Further, EPA’s view that ACE will drive down overall power sector emissions relies on the dicey assumption that natural gas prices will remain low, and in fact decline, long into the future. If this holds, subsidized, souped-up coal units would have limited opportunity to displace cheaper and cleaner gas-fired generators. In essence, ACE would make coal plants more competitive, but those plants better not run too much if the goal really is to lower carbon emissions.
Regardless, the legality of the outside-the-fenceline approach has never been tested in court.
“What current management at EPA claims they’re doing is remaining faithful to the statutory text of the Clean Air Act, and they put an enormous amount of weight on the idea that the Clean Air Act uses the word source in the singular,” says Joe Goffman, Senior Legal Counsel in the EPA’s Office of Air and Radiation from 2009 to 2017 and a legal architect of the Clean Power Plan. “But the very same EPA’s learning a few years ago was that the way that power plants operate really gives a different meaning to the word source.”
“In the power sector, there’s almost no such thing as a single source of power. Plants operate in large interconnected networks…We felt the statute required us to give that particular reality-informed reading of the language. So, this really does come down to a clash of legal interpretations, if you take what the agency is now saying at face value.”
Goffman also weighs in on EPA’s options to justify its flip-flop on the meaning of source, and ultimately replace the Clean Power Plan with ACE.
“Now the agency will have two choices,” he says. “It can either argue to the court that there’s no other possible way to interpret the Clean Air Act than its (the current EPA’s) own. Or, EPA will go before the court and say the court should defer to the agency because its interpretation is reasonable, regardless of the fact that there might be other interpretations.”
The legal outcome will have major implications for the ability of any future, more climate-friendly administration to implement ambitious carbon targets. Should EPA go for the “both interpretations are valid and reasonable” approach, a court, quite possibly the Supreme Court, might let the current EPA have its way, dump the CPP and move forward with ACE.
The alternative, and riskier approach would be for the EPA to argue that the outside the fenceline interpretation used in the CPP is downright illegal. Goffman believes it would be more of a stretch for a court to rule in EPA’s favor here, and if it doesn’t EPA’s basis for ACE might be undermined.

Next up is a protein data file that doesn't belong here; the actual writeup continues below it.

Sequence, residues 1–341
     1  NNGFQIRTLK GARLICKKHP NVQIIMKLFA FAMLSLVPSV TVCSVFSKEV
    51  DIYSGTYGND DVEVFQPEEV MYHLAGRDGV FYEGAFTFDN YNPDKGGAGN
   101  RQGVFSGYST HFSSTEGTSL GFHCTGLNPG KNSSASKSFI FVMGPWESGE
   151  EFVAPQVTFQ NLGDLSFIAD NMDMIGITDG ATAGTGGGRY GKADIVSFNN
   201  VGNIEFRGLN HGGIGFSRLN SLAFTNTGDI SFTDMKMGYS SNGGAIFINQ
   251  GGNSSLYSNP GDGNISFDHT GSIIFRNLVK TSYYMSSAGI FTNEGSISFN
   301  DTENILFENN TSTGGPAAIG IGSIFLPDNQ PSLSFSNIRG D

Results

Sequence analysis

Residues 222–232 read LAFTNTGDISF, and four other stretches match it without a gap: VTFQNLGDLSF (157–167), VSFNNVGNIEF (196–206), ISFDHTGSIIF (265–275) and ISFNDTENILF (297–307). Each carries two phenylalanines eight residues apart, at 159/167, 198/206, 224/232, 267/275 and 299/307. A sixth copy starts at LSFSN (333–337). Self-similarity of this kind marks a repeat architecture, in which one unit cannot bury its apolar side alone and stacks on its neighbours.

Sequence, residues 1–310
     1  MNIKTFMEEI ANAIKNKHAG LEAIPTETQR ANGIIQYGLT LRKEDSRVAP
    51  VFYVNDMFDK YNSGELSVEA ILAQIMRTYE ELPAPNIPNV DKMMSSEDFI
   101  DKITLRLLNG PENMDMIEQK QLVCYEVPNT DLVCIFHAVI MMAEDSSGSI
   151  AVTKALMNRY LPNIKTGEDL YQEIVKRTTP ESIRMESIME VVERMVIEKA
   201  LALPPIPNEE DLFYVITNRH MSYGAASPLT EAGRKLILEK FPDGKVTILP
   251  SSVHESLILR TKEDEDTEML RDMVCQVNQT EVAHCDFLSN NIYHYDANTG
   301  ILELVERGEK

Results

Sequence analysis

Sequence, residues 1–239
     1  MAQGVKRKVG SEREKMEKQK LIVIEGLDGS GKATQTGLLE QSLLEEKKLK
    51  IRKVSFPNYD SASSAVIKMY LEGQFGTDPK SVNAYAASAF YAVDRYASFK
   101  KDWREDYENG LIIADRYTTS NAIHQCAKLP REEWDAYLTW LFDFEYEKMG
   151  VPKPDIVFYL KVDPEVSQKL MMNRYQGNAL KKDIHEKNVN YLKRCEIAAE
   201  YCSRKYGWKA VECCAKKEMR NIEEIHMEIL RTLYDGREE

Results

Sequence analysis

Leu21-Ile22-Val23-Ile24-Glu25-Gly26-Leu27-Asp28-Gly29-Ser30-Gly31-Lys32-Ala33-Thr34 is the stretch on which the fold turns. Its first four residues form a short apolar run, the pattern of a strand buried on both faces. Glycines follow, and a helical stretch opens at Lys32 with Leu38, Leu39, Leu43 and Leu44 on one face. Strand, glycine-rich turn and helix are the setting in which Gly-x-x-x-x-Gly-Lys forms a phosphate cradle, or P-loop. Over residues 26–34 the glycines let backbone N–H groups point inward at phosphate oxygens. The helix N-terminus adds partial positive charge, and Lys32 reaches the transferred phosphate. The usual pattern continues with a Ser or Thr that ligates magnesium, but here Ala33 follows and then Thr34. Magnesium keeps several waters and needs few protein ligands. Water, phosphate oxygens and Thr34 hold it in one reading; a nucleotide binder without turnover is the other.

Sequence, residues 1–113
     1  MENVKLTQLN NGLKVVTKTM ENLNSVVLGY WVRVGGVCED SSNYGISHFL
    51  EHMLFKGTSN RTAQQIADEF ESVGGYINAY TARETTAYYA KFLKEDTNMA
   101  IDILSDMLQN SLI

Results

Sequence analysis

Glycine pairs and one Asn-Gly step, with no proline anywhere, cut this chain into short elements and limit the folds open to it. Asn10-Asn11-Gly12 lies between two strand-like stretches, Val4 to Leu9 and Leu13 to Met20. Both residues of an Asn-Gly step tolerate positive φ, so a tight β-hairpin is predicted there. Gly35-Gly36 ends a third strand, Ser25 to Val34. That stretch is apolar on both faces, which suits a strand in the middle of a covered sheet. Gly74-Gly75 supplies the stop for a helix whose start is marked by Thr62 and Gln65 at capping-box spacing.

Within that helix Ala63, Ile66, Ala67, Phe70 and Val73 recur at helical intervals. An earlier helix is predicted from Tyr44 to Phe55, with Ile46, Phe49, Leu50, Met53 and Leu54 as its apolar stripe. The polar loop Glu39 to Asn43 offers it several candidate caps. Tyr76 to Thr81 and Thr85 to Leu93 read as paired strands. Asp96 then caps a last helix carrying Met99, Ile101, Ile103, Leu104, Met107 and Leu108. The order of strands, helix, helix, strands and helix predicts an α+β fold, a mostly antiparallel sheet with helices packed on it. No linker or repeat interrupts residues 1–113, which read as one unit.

And here’s the potential jeopardy for more ambitious carbon regulation from a future administration. If a court agrees that the inside-the-fenceline approach is the only one that’s legally valid, then a future administration could see its path barred to a broader, system-based regulation that would deliver more carbon reduction. Trump’s climate rollback would be more likely to stand the test of time.
There is, however, one more way that ACE may be shot down or, at least, voided for practical purposes. Recall that one of the major features of ACE is that it would modify, and in effect nullify, the requirement that plants in line for an upgrade perform what’s known as a New Source Review to determine whether other pollutants, such as sulfur and nitrogen oxides, would increase as a result. Yet past attempts to modify or bypass New Source Review failed, notably during the George W. Bush administration.
EPA recognizes the risk that its attempt to modify New Sourced Review will fail. It has thus written ACE in a way that the overall regulation will survive even if its rewrite of New Source Review doesn’t. In legalese, New Source Review modifications are “severable” from the broader ACE. But without the modified language it would be costlier for generators to implement the efficiency improvements that are ACE’s goal. That would entice fewer coal plant owners to move ahead with efficiency modifications, and the whole effort to boost the coal industry would be a wash. Courts might also rule that ACE, without the NSR changes, isn’t much of a regulation at all, and bring the whole rule down.
In the meantime, the uncertain environment that the EPA has created reduces the incentive for investors and utilities to put money into clean energy alternatives. That, sadly, is certain.
This piece was first published on Forbes and is reprinted with their permission.